Human discourse and communicativeaction can work "to limit the destructiveeffects of the attacks on the public sphere,civi...
   Habermas defined the public sphere as being    "made up of private people gathered together    as a public and articul...
   Through acts of assembly and dialogue, the    public sphere generates opinions and attitudes    which serve to affirm ...
   Discussion       What do you think are examples of the public        sphere?       Is there a private sphere, and if...
   Habermas did define the public    sphere as a virtual or imaginary    community which does not    necessarily exist in...
   DeLuca and Peeples look at the transitioning    of the concept of public sphere with the onset    of new media. The tr...
   Discussion       What are the implications of a blurred        line between (or an overlap of) the        private and...
   The idea of the Lifeworld was first    established by Edmund Husserl in 1936   The lifeworld can be thought of as the...
   For Habermas, the lifeworld is more or less the    "background" environment of competences,    practices, and attitude...
   Habermas says that the lifeworld    consists of social and cultural    linguistic meanings. It is the lived    realm o...
   Discussion       What do you think is the relationship between the        Lifeworld and the Public/Private sphere?
   Subjects capable of speech and action can not    help but learn (p. 252)   We learn in communities as social beings, ...
   When we act communicatively, we try to step    out of our normal frames of reference to see the    world as others see...
   Communicative action [occurs] when two or    more people trying to come to an agreement is    premised on good faith e...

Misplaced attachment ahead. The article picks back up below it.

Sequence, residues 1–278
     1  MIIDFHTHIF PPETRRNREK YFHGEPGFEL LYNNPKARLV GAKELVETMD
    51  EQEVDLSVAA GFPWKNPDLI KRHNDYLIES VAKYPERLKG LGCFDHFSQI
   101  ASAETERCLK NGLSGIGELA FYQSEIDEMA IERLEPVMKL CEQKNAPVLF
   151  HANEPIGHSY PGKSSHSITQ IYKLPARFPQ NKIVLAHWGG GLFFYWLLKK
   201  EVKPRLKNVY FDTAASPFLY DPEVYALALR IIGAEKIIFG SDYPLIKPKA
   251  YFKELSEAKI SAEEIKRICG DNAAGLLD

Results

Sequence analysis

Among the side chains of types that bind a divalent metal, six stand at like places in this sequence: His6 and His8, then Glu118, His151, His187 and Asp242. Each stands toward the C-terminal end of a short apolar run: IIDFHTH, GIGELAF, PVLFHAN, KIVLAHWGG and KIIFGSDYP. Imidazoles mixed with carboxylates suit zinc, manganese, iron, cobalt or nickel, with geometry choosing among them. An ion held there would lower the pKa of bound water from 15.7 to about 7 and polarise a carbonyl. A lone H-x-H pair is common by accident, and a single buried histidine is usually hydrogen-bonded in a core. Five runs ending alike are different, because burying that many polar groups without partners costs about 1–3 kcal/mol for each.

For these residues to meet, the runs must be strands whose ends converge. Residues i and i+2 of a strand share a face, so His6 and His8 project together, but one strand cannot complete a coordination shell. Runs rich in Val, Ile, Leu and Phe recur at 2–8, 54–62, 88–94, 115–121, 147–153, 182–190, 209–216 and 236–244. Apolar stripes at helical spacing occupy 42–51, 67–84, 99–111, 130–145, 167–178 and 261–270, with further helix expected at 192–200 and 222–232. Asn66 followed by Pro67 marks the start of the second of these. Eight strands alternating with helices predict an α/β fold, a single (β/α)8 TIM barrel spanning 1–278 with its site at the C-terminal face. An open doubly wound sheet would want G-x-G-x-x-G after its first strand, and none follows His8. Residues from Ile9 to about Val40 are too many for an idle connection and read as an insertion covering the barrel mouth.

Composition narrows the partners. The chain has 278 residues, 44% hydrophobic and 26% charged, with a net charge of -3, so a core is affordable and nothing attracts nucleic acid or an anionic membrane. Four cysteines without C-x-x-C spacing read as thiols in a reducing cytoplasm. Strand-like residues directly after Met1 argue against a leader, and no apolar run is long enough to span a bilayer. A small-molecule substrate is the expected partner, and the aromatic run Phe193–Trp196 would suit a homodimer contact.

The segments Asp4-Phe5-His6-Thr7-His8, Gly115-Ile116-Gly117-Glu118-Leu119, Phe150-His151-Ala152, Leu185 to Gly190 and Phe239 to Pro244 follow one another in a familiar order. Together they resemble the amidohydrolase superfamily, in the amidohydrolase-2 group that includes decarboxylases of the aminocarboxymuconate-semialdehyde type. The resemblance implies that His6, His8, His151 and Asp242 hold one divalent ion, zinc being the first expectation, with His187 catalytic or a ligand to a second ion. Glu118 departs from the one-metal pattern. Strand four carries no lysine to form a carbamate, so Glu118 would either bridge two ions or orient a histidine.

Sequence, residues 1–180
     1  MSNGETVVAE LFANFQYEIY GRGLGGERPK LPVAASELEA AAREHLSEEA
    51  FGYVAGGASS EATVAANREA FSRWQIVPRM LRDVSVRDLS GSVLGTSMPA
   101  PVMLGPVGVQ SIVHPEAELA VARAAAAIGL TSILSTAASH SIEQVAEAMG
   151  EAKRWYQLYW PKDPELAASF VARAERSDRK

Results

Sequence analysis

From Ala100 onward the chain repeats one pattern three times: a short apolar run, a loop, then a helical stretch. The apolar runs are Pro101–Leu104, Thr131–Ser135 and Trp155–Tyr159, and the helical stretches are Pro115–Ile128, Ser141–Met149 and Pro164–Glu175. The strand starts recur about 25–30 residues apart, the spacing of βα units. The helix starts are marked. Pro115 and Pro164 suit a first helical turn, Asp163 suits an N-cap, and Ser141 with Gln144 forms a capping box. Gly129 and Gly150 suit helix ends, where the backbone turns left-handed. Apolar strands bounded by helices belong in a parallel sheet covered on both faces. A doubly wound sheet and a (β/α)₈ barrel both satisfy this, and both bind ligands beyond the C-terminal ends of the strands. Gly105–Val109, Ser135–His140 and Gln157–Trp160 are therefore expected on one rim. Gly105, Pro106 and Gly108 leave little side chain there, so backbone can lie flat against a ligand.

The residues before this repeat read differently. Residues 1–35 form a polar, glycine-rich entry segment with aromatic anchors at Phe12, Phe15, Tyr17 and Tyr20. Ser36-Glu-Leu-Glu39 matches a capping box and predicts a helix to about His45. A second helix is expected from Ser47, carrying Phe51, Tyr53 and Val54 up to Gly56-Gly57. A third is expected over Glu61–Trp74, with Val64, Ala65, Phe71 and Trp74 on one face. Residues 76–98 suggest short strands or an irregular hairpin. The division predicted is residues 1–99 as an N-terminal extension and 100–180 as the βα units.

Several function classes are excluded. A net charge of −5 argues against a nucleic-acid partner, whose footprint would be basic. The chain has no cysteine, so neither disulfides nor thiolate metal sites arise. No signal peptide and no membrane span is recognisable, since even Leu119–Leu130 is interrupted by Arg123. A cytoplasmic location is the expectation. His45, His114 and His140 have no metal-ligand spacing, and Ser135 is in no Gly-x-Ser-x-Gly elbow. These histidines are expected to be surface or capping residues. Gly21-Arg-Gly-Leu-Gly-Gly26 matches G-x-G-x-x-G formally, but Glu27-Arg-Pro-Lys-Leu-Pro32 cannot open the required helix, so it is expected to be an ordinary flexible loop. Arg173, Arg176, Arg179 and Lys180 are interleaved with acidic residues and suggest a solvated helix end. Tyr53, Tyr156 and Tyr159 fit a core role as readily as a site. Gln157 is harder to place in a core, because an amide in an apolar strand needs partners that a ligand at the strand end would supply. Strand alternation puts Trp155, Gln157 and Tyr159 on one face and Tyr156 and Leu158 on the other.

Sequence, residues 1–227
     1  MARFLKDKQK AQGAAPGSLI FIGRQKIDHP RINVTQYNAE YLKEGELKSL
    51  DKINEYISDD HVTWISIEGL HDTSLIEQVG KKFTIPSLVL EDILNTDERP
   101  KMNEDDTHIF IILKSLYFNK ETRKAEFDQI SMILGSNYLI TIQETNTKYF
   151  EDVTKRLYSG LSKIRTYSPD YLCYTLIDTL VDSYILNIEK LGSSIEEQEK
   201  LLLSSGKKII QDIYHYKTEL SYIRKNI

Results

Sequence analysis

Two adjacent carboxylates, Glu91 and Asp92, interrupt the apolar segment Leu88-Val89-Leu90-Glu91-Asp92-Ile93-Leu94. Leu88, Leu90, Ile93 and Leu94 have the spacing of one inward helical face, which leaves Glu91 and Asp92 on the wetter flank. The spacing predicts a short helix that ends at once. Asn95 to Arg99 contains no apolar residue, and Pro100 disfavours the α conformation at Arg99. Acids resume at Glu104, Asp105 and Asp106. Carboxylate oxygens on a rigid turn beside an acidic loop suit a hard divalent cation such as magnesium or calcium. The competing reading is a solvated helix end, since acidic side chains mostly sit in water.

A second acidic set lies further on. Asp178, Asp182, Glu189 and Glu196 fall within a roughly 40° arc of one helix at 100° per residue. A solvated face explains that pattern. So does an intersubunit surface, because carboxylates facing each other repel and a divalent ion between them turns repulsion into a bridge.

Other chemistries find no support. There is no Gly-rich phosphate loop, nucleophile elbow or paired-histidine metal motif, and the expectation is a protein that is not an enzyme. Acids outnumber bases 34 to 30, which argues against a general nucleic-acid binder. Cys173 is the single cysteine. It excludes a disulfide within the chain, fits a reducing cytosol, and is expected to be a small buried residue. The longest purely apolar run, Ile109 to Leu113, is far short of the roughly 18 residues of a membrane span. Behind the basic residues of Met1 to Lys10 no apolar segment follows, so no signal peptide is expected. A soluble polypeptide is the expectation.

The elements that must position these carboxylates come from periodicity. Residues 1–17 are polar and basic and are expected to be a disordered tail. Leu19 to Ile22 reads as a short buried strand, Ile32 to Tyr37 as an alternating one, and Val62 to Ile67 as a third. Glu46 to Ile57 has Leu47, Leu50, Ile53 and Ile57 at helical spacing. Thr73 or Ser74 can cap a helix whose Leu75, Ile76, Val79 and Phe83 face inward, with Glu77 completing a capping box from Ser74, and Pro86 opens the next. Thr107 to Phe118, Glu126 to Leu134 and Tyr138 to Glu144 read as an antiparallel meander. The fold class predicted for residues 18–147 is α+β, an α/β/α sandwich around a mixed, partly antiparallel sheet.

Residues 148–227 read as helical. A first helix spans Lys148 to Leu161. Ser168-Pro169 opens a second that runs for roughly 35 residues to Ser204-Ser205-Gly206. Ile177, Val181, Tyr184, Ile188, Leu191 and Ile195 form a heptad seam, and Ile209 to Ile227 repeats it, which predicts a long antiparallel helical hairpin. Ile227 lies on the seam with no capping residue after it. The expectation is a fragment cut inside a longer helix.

   Democracy resides in adults’ capacity to learn,    in particular to learn how to recognize and    expand the democrati...
   The ideal rules of discourse, embedded as they    are in the universal process of speech, offer the    best hope of ke...
 Habermas specifies the following rules(p. 265)     1. all relevant voices are heard     2. the best of all available arg...
   In other words, good discussion, and therefore    good democratic process, depends on everyone    contributing, on eve...
   Judgments as to which voices are relevant ,    how relevance itself is determined, how we    decide which are the best...
   As societies grow ever larger and more    complex, a domination-free consensus arrived    at through town meetings or ...
   Contemporary political and economic    systems , and their various steering media,    attempt to foreclose the possibi...
   System problems (affecting democracy) are    either caused by the actions of people in a    system run for economic pr...
   Habermas believes that we can not talk about    critically reflective learning until uncritical,    unreflective learn...
Non-Reflexive Learning is learning to submitwithout resistance to rules of debate, argumentassessment, and decision-making...
Reflexive Learning is when we learn to questionand challenge everyday practices or socialarrangements by discussing with o...
   Without a capacity for critical reflection, we are    unable to separate our identity from the    steering mechanisms ...
   Learning democracy is a matter of learning to    live with ambiguity and contingency as much    as it is learning to a...
   People need to experience the contradictions    and tensions of democracy, and to learn how to    navigate through the...
   Adult education must give plenty of    opportunity for people to learn about the    technical aspects of democratic pr...
   Adult education as part of a civil society could    constitute a mini-laboratory in which people    could learn and pr...
   The Democratic Classroom?
   Everyday conversations represent [another ]    avenue for learning the democratic process.    Seeing things from anoth...
   Habermas sees reflexive learning as the overall    lever for societal development (p. 249)   Learning is the fundamen...
   [Habermas’s] dream is clearly bound up with    the possibility of adults learning to speak to    each other in honest ...
Habermas, Jürgen. The Structural Transformation of thePublic Sphere: An Inquiry into a category of BourgeoisSociety. Trans...
Learning democracy
Learning democracy
Learning democracy
Learning democracy
Learning democracy
Learning democracy